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gorilla’’ on Capitol Hill. The Armed Services committees are used to being deferred to.

As one staffer reminds us, members and other committees are always trying to get a

piece of that pie. 455 Because human dynamics and interpersonal relationships are so

important on the Hill, it is unusual for any member to do anything to upset cordial relations

with any committee-especially Armed Services!

In 1996, this baseball game (the sequential referral process) suddenly got more interesting

than usual. The Senate Armed Services Committee took the Senate Intelligence

Committee’s authorization bill (numbered S. 1718) on sequential referral. In other words,

the SASC took the SSCI’s bill in order to have a chance to change it — to mark it up. This

was as usual, and in accordance with Senate rules, precedent, and normal routine. During

its referral period, the SASC took exception to many of the SSCI’s reorganization proposals,

and crossed out all SSCI references to NIMA (placed by the SSCI under Title 50) during

its “mark.’’ Still supportive of the NIMA concept, the SASC transferred all language

establishing NIMA into the SASC bill under Title 10 and eliminated other SSCI proposals

completely, particularly those that appeared to increase the power and authority of the

DCI at the expense of the Secretary of Defense. 456

The SASC’s actions so infuriated the SSCI that Senator Specter personally directed

the SSCI’s taking the SASC’s National Defense bill (numbered S. 1745) on sequential

referral — a highly unusual move! In other words, it was not unusual for Goliath to take

David’s bill on sequential referral, but very unusual for David to take Goliath’s bill.

In the committee report issued by the SASC to accompany the SSCI’s Intelligence

Authorization Bill, SASC Chairman Senator Thurmond voiced his displeasure with the

SSCI over the issue of sequential referral. 457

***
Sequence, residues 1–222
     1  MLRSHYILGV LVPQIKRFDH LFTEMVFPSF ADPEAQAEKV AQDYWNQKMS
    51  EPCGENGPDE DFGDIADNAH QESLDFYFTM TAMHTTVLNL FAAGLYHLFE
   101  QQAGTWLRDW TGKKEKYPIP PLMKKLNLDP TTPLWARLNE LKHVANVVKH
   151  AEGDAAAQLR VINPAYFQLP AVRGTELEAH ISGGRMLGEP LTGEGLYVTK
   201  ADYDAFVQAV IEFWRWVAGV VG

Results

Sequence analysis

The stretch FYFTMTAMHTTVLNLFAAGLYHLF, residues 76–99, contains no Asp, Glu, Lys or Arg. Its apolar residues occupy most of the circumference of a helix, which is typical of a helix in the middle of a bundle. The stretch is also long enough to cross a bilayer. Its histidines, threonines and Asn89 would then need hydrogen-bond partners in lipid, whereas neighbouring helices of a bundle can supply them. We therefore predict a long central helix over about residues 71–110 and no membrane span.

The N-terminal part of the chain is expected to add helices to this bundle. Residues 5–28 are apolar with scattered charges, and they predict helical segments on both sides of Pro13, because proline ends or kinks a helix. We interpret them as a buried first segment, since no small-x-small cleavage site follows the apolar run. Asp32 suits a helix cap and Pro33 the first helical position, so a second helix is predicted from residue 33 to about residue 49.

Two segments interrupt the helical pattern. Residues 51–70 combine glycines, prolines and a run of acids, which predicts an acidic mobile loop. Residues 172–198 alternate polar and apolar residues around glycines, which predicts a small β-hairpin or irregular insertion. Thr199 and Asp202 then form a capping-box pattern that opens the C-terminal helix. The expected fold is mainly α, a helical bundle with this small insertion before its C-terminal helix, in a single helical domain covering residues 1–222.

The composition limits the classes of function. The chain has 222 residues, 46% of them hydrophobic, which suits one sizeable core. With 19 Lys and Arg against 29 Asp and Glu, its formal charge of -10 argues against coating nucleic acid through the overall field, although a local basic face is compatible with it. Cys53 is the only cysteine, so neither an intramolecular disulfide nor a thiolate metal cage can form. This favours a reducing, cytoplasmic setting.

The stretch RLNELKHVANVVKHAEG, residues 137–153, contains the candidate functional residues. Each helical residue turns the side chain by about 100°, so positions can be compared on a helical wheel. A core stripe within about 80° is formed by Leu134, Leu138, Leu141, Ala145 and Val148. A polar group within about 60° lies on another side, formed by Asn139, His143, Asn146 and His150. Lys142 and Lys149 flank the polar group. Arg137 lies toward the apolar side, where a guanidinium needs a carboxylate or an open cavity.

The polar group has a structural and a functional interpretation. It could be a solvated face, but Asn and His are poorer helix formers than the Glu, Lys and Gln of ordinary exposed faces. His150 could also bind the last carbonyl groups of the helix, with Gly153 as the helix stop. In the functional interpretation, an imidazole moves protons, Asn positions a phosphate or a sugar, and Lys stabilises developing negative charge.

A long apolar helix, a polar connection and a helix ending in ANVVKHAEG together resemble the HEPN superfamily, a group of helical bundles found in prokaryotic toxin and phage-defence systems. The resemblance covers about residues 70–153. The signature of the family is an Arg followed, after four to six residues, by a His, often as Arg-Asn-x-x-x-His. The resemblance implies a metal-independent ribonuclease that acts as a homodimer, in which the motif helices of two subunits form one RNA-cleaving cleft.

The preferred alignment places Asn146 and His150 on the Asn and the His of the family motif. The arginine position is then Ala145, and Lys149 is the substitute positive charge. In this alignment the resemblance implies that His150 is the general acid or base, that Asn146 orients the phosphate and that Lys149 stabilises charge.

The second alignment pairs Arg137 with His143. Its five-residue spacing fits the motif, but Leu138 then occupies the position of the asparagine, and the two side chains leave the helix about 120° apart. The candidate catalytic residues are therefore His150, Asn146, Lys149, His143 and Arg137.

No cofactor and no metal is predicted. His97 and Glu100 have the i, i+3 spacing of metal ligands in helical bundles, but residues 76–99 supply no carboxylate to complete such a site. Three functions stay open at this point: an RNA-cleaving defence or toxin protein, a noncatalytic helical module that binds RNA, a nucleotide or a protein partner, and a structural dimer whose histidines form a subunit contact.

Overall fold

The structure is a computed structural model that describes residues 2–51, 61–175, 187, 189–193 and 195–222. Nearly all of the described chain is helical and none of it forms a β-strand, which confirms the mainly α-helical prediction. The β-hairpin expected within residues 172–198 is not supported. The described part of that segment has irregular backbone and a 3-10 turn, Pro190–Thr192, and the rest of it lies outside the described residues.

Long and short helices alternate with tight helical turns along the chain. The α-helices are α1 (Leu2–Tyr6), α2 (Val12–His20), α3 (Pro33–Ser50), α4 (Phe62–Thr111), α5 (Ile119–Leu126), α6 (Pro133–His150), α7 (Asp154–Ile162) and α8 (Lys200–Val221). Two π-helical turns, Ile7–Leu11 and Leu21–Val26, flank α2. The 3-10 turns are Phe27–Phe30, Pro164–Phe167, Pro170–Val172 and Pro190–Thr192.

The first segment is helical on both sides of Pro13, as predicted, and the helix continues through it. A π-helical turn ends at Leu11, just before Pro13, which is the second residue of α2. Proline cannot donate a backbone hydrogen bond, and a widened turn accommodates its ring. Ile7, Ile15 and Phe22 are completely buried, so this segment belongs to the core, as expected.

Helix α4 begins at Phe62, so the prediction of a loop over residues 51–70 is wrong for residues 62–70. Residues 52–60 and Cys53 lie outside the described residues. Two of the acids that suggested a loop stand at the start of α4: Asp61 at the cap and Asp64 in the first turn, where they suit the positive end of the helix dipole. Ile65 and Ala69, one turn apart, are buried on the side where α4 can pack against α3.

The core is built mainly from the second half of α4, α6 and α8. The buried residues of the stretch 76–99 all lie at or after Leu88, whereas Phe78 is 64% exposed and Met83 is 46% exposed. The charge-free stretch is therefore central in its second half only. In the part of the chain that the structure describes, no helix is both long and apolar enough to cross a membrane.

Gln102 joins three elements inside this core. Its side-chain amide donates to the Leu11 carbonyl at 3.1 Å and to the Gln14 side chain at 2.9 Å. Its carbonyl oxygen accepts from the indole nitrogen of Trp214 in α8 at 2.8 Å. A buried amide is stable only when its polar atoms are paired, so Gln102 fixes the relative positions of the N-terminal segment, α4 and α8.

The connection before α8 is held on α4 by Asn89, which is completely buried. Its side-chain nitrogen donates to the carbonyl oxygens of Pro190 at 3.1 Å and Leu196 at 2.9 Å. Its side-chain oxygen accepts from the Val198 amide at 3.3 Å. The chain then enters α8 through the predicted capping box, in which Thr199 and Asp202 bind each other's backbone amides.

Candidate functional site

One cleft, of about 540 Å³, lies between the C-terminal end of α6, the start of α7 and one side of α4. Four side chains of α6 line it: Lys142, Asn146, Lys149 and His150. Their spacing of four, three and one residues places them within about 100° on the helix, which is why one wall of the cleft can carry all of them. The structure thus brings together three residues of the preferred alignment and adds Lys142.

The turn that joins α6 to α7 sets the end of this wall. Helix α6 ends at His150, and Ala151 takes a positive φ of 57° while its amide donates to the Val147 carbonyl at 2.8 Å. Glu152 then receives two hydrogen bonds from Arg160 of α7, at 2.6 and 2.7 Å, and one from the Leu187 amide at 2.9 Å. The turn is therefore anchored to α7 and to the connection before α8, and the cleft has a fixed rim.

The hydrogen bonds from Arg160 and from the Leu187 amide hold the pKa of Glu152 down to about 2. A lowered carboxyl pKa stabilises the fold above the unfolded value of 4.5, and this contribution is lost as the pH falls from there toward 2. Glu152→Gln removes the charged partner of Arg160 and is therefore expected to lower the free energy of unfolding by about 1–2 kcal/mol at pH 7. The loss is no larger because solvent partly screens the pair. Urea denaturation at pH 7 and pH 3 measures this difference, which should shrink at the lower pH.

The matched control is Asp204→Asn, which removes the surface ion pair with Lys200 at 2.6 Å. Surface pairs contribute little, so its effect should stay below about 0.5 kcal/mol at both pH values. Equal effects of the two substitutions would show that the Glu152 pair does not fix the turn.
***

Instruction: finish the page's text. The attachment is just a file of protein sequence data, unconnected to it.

The SSCI nonetheless included many of the controversial provisions in S.

1718, thereby creating a significant disagreement between the SASC and the

SSCI. Once S. 1718 had been referred to the SASC on sequential referral (as

455 In the normal course of events, the HPSCI/SSCI always try to pass their respective bills before the Armed

Services committees pass theirs. Armed Services then takes the Intelligence bill on sequential referral after the

Intelligence Committee reports it out. Once Armed Services reports the Intelligence Bill to the floor (after the

sequential referral), the Intelligence Committee can take it back or let it go to the floor. If the Intelligence Committee

takes it back to reassert its jurisdictional rights, there probably will not be sufficient time to finish another

round on the bill before the end of that Congressional session! Thus, as an alternative, the Intelligence Committee

can begin negotiating changes to the Armed Services report — of the Intelligence bill — and can offer the

results of the negotiations as floor amendments. The Intelligence Committee can also disregard the Armed Services

report of the Intelligence Authorization Bill and try to get a better outcome during the HPSCI-SSCI conference

of the bill. Because a conference report cannot be amended and is not available to be taken on sequential

referral, Armed Services must accept the outcome of the conference — they either have to accept all of it or

lobby other Senators to have it defeated on the floor. As always, the selection of what to do will largely depend

on the issues and the personalities involved. SSCI Professional Staffer interview.

456 U.S. Congress, Senate, Armed Services Committee, Report 104-277, 104th Congress, 2d Session, 1. (See

Appendix D-1 for a complete copy of this report.)

457 SASC Professional Staffer interview. See Appendix F for a copy of the MOA.

235

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